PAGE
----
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The Evolution of Modern
French Literature

From the Renaissance to the Present Day

The Evolution of Modern French Literature

From the Renaissance 

to the Present Day



8 Weeks Live Classes Online


2-5 Hours Per Week

1.5hr Class Per Week

8 Weeks

3rd of July 2024,

18:00 (UK time/UTC+1)

21st of August 2024

3rd of July 2024 at 18:00 

(UK time/UTC+1)

21st of August 2024





Course Overview

Course Overview

Our online course guides you through the development of French literature from the 16th century to the present day in a digestible, easy-to-follow format, providing insight into the historical, biographical and socio-political backgrounds of some of the most influential French writers and texts in history.

You will cover a range of French poetry, theatre, and prose writing, learning about the challenges of translation; how to conduct a detailed literary analysis of French texts; and discussing the style, form, genre, language, and more, of each text covered. 

Meet Your Teacher

Adam is a PhD student and Clarendon Scholar at the University of Oxford, specialising in the French novelist Marcel Proust.

He holds both a BA in Philosophy and French (First-Class Honours) and a Master’s Degree in French (Distinction) from the University of Oxford. He has many years of teaching experience, and he particularly enjoys helping students to develop a more critical approach to French literature.

Meet Your Teacher

Adam is a PhD student and Clarendon Scholar at the University of Oxford, specialising in the French novelist Marcel Proust.

He holds both a BA in Philosophy and French (First-Class Honours) and a Master’s Degree in French (Distinction) from the University of Oxford. He has many years of teaching experience, and he particularly enjoys helping students to develop a more critical approach to French literature.


By the end of this course, you will have gained a knowledge of:


Week one

Renaissance Writing:
Montaigne (1533-92) and Rabelais (1494-1553)

The sixteenth century was a tumultuous period in French history. Endless civil war raged between Protestants and Catholics, ravaging the countryside and causing widespread famine. Almost simultaneously, French armies were engaged in a variety of foreign campaigns, sometimes with such strange bedfellows as Ottoman pirates, against different elements of the encircling Hapsburg Empire. In the midst of these turbulences, two writers emerged whose avant-gardism, and sheer bawdiness, can still surprise and shock today. In this lesson, we will explore Rabelais, a comic writer of confused satire, and Montaigne, the inventor of the essay form – both of whom, in messy times, revelled in even messier literary styles.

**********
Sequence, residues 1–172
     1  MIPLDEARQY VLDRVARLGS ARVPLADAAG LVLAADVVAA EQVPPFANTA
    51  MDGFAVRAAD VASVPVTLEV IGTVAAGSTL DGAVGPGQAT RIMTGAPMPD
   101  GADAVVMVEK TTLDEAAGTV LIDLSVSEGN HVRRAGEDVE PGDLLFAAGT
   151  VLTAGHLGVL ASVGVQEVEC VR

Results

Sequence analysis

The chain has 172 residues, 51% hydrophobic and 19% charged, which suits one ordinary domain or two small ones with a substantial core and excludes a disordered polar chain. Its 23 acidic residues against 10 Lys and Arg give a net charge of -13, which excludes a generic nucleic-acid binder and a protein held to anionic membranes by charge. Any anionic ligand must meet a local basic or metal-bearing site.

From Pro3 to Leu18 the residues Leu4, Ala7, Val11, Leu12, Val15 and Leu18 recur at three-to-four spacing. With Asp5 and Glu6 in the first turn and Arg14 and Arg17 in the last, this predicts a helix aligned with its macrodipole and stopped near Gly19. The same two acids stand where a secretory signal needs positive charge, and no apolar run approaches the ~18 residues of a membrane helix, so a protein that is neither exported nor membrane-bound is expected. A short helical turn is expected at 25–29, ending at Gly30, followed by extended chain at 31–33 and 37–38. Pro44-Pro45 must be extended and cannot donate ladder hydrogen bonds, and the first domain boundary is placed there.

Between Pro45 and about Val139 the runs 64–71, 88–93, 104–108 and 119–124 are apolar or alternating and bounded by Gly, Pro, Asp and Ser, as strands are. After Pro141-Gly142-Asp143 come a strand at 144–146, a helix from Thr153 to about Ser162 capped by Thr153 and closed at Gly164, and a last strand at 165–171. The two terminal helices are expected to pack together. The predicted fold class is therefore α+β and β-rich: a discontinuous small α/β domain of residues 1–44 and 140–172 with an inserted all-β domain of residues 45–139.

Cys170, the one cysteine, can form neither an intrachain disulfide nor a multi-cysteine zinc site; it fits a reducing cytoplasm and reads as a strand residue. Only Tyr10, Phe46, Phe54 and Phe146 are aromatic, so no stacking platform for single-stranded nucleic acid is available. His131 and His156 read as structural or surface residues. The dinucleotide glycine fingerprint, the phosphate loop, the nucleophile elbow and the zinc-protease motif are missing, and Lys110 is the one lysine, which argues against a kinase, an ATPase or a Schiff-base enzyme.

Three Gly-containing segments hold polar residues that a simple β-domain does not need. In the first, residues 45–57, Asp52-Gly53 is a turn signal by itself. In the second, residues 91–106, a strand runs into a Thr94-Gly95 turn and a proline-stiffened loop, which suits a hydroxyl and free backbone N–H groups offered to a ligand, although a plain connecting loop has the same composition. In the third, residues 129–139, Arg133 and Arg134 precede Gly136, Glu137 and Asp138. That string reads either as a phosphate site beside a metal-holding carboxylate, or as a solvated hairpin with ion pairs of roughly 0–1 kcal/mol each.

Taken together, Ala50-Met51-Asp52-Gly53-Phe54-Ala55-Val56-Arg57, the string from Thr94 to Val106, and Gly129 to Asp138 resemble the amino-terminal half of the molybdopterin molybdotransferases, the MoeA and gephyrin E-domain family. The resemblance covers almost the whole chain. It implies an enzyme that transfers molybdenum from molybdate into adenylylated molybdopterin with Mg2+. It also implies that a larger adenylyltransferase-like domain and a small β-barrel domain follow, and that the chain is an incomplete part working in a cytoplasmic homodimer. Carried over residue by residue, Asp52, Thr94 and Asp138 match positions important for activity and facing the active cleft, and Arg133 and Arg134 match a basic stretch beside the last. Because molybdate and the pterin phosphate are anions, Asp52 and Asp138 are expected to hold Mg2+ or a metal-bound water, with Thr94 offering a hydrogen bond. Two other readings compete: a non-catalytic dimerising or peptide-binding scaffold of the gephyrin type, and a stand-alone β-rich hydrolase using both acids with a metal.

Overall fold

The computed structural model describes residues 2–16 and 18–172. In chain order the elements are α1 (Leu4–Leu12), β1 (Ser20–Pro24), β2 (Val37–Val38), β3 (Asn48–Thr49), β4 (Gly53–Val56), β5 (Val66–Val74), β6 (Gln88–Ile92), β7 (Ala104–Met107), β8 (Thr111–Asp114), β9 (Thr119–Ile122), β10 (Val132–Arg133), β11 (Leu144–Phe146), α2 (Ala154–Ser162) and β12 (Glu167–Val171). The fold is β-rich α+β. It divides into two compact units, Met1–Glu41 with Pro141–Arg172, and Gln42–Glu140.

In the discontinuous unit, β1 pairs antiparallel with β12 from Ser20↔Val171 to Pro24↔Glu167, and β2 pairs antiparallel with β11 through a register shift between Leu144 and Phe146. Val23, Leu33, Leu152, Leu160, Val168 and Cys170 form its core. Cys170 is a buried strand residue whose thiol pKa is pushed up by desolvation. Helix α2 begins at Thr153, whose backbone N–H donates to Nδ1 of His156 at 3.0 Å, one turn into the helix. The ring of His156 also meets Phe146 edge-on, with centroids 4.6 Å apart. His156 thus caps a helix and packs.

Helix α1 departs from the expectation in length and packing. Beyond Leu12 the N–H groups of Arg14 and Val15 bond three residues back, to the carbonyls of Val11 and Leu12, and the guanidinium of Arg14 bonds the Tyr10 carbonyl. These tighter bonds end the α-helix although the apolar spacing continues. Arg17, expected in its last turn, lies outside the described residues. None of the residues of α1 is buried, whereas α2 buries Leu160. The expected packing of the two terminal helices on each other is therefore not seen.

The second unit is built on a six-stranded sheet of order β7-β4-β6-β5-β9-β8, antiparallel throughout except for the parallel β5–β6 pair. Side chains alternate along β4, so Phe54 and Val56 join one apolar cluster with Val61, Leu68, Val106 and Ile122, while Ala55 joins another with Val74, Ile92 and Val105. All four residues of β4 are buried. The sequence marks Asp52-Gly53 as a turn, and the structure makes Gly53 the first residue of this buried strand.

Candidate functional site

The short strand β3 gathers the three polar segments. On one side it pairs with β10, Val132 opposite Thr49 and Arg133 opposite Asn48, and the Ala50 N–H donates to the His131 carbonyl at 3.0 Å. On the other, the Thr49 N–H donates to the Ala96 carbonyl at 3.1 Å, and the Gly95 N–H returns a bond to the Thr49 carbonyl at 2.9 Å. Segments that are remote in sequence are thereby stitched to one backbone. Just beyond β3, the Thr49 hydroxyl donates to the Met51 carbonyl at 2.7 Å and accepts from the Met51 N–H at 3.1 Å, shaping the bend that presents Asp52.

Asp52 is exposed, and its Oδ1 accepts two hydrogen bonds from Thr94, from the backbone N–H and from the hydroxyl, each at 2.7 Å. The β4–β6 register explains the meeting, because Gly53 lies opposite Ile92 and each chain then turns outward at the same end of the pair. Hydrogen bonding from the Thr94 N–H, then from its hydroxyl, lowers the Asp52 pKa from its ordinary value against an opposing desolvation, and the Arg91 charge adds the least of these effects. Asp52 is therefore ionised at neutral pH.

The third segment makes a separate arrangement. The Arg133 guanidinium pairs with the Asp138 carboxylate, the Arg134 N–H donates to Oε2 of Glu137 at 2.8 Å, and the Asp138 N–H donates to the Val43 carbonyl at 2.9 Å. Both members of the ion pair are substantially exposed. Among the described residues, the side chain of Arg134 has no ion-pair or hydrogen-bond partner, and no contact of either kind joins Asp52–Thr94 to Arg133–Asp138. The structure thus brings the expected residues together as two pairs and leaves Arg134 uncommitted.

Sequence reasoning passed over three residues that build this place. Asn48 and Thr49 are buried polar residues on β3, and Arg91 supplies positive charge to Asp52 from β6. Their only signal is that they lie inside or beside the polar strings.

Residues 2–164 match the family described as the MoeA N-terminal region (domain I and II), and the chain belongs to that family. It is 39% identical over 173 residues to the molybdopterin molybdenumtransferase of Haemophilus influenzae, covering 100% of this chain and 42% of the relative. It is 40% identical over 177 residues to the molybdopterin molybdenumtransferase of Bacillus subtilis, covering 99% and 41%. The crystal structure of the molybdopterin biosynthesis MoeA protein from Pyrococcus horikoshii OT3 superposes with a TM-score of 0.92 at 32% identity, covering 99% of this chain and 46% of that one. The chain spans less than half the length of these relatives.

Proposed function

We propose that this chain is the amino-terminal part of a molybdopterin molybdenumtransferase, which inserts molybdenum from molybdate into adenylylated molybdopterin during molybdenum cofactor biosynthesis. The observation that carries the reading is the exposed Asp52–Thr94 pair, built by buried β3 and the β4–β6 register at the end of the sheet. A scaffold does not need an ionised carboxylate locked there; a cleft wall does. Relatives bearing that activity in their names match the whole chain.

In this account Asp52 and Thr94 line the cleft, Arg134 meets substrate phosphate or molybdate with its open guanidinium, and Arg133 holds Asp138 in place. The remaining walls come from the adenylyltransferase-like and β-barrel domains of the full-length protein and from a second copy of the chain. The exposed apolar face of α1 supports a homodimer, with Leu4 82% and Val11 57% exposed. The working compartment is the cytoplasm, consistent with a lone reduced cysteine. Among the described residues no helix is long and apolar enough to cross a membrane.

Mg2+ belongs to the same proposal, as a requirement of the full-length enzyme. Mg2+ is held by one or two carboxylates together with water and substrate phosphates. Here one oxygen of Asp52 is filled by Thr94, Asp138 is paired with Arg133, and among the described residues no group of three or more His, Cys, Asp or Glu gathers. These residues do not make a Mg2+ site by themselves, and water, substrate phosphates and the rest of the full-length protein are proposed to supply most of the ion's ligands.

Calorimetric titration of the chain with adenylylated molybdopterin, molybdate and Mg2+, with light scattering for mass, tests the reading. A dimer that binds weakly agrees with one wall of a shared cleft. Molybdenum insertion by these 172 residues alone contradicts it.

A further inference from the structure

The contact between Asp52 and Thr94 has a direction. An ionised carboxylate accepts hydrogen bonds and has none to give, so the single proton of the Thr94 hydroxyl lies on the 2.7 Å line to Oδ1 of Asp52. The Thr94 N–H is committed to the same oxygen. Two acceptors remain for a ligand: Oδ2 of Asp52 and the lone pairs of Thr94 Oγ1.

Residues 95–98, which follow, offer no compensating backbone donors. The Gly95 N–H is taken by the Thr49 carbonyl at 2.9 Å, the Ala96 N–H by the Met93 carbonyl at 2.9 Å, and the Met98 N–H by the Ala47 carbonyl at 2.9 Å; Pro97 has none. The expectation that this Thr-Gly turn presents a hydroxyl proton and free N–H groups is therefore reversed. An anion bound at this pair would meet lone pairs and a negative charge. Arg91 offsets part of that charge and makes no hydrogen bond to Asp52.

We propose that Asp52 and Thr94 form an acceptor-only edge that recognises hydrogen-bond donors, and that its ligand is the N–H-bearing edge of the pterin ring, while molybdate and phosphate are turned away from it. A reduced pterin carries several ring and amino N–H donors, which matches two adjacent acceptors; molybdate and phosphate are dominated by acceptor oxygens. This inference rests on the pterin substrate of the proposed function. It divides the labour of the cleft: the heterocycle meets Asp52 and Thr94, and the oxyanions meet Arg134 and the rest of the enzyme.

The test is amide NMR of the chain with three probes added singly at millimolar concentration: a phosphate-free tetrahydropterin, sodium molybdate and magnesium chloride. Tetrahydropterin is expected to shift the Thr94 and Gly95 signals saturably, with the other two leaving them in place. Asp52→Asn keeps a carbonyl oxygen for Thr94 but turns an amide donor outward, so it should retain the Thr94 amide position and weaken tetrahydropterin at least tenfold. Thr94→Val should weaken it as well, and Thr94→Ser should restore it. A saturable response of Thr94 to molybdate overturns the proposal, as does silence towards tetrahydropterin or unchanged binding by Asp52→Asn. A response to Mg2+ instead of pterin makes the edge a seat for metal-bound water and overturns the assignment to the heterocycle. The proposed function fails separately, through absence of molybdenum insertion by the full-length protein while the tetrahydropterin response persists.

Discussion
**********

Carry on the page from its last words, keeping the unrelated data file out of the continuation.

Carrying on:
Week two

Corneille (1606-1684) and De La Fayette (1634-1693)

After the turbulence of the sixteenth century, the French court wished to show, both to itself, to neighbours, and the country at large, that it was orderly again. As clean classical lines became the rage in visual arts, court writers likewise tried to adapt their style to a desire for both control and elegance. Although often derided for its severe adherence to formal rules, the classical playwrights of France produced some of the purest verse of the canon. In this lesson, we will look closely at one of these figures, Corneille, alongside the novelist De La Fayette, whose tightly-bound stories of court life pushed at the boundaries of French customs.


De La Fayette

Week three

The Enlightenment:
Montesquieu (1689-1755) and Voltaire (1694-1778)

In the eighteenth century, various writers began to push at the boundaries of Classicism, and, with it, the legitimacy of the monarchic system. Montesquieu’s Lettres persones were a comical means of critiquing some of the customs of the state. Alongside Montesquieu, Voltaire’s classic novel Candide provides a similarly wry and sidelong glance at a society that was soon to succumb to revolution.



Week four

Hugo (1802-85) and Sand (1804-1876)

The turbulence created by the French Revolution (1789) created room for many new currents of writing and thought. The most important of these was Romanticism, which allowed not only for a new notion of “man”, but also, I will argue, of woman. Romantic writers, now freer to rail against tendencies in society, produce some of France’s most powerful works of literature, as you will hopefully attest to in Victor Hugo and George Sand’s work.



Week five

Balzac (1799-1850) and Flaubert (1821-80)

Whilst we often think of kitchen-sink realism to be more “modern” than the sometimes unbelievable flights of Romanticism, in fact the two styles developed in parallel in 19th century France, and had similar predecessors and intentions. Balzac and Flaubert were both writers who allegedly attempted to show their world “as it really was”, warts and all. In this lesson, we will consider whether either writer opened a faithful window onto France in the first half of its nineteenth century.



Week six

Proust (1870-1922) and Rachilde (1860-1953)

After the gritty realities of Realism, Modernist writers cultivated an interest highly-stylised modes of expression in prose. In this age, interest in queer sexualities was first firmly introduced as a central subject for literature, and the two writers studied this week, Proust and Rachilde, are no exception to this trend. In this session, we look at the opening to Proust’s monster work, In Search of Lost Time, and Rachilde’s disturbing take on sex and education, La Marquise de Sade, concentrating on how modernism impacted the novelistic form.